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I run a dual boot system that has Mandrake 10 and Windows XP. I have a whole heap of media and document files that currently reside on the WinXP NTFS partition that I can read from Linux, but cant write to. I want to be able to read and write these files from both OSs.
I have heard of partial NTFS write support, but I dont want to risk using it just yet. I was considering creating another FAT32 partition for the sole purpose of the data files, but are there any disadvatages to doing this? I have noticed that on a small FAT32 partition I have, files, when viewed from linix all have 777 permission, is it safe (or possible) to change this? If not, is it in any way unsafe/unsecure to have 777 permissions (I am the only one who uses this computer)? If I can change the permissions, will that cause problems for XP reading those files?
Floyd, you can enable ntfs write support by recomiling the module but as you said you run a risk of data loss. If you are not willing to take that risk, you will have to create a FAT32. The permissions can not be changed, since the file system does not cater for file-level security. The obvious answer is thus that if you have files that are that sensitive in terms of privacy, don't store them on your FAT32 but keep them on linux. Since only you use the computer, I'd say there's no problem, in fact I installed my windows on a fat32 partition purely for that reason. All that I do is that I don't install apps on the windows partition since i can't run it from windows anyway - i just put my documents, pictures, music etc there so I can access it in read/write mode from both OS's (which is laughable since i never use windows, it doesn't even have network or a wallpaper set up yet)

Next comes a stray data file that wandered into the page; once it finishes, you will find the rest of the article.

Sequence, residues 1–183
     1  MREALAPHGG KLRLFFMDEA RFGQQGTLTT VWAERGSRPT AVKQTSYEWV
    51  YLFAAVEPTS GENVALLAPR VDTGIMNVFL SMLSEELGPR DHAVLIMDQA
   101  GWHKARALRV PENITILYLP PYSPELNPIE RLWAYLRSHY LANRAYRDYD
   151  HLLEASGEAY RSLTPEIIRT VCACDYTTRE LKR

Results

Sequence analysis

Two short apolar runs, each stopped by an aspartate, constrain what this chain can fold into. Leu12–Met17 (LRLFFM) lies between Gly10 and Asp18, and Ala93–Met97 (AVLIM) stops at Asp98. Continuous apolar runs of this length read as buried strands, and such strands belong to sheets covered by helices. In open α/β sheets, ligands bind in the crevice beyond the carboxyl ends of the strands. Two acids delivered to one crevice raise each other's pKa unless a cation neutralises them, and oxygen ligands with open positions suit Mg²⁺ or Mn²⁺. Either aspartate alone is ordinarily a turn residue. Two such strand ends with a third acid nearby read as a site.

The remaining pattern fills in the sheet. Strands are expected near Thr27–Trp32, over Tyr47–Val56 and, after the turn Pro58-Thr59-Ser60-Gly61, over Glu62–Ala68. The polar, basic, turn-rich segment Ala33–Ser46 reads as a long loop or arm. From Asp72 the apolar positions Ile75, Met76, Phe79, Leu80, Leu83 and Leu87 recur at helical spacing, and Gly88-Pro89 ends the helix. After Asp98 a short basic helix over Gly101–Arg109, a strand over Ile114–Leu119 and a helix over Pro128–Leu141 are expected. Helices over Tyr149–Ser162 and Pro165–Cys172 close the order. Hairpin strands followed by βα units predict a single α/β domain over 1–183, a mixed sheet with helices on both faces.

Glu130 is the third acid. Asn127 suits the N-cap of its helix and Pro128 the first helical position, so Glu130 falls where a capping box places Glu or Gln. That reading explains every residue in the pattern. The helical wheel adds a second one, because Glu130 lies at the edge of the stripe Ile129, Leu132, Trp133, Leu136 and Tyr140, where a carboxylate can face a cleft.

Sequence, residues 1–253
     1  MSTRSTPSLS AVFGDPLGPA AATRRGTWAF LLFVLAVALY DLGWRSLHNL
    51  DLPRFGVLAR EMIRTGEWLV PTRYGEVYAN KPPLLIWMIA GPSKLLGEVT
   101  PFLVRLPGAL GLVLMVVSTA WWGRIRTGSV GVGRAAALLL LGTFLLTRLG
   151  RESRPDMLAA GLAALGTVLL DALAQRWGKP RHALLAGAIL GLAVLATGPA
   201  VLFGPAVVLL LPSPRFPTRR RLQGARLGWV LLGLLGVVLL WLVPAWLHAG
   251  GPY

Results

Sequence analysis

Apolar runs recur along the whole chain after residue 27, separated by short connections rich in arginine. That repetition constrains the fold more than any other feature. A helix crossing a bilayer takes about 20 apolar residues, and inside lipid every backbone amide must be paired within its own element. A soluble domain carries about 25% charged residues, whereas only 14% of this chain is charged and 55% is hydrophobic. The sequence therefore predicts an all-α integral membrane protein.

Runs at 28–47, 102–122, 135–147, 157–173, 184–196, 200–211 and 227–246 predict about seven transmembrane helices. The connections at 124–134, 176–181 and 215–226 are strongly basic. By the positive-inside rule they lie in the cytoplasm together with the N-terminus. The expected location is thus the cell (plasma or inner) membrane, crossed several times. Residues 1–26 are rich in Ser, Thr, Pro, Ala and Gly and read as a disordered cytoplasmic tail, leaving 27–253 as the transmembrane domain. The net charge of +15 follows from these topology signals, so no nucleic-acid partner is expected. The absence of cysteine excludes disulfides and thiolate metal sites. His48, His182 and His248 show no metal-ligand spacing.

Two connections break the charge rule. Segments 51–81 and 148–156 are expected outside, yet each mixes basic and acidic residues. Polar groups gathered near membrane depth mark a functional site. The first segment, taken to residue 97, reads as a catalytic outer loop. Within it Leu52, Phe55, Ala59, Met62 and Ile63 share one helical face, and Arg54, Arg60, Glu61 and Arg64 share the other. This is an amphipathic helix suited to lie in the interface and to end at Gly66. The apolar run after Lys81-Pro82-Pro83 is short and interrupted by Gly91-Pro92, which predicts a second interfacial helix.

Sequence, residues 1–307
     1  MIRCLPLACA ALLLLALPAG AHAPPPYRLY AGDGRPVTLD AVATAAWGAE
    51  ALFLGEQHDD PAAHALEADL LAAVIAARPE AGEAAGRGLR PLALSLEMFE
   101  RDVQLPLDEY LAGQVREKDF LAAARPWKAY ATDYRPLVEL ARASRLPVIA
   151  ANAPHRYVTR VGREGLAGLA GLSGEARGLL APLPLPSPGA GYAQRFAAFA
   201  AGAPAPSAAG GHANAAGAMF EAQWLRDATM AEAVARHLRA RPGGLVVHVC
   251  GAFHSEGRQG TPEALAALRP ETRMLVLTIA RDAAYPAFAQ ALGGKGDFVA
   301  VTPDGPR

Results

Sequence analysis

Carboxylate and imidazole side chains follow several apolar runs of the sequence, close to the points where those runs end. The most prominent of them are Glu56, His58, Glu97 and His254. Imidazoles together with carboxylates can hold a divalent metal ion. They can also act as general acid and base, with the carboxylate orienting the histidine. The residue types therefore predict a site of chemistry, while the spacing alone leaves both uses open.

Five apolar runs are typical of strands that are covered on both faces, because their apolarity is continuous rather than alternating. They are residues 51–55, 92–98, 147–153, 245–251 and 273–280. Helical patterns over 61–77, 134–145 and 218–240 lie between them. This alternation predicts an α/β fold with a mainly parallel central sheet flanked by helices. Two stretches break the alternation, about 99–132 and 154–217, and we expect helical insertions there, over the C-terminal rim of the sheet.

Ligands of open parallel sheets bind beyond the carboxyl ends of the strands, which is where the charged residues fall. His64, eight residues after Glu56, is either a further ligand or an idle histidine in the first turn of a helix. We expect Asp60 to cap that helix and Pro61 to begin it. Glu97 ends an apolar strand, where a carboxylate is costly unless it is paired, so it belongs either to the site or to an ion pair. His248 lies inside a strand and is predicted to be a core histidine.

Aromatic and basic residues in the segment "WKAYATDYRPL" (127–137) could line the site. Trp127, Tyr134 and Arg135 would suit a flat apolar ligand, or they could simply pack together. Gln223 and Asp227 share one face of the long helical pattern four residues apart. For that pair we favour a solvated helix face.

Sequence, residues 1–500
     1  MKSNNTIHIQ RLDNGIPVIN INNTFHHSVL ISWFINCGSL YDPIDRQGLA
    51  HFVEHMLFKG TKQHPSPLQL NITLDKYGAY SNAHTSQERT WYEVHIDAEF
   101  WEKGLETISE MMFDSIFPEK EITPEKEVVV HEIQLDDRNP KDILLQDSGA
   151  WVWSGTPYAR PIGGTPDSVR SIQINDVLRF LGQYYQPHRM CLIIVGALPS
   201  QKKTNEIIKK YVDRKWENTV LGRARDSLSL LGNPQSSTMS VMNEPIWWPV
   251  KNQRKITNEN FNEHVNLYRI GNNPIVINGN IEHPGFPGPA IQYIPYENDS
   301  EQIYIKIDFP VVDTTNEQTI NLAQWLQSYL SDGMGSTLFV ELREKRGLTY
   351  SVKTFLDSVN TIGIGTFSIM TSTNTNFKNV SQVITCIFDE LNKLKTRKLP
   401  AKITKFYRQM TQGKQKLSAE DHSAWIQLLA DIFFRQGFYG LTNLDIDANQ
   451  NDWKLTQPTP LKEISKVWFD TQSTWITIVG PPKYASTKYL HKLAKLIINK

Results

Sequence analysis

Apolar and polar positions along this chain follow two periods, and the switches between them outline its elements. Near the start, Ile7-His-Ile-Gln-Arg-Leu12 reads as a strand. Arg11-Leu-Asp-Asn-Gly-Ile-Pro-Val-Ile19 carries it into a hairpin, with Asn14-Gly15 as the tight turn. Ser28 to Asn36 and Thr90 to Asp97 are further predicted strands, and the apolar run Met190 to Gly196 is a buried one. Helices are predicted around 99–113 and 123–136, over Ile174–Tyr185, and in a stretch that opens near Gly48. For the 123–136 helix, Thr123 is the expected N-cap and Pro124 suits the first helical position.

I can't tell you what the names are, but there are commercial utils available to read linux filesystems from windows also, if you actually feel the need to spend money on that.
Change the device and the mountpoint to correspond to your system.
Having every file with the permissions of 777 looks like the result of having "umask=000". Using the option of "showexec=no" will stop everything from being marked as executable.
Since you're the only user of the system then you can use the "uid=floyd" option, or whatever your user name is, so you can change the umask to "umask=007" to remove write access from other non-user uids. Other users being the system users that are used by various programs. This has no affect on the access to the FAT32 other than in linux.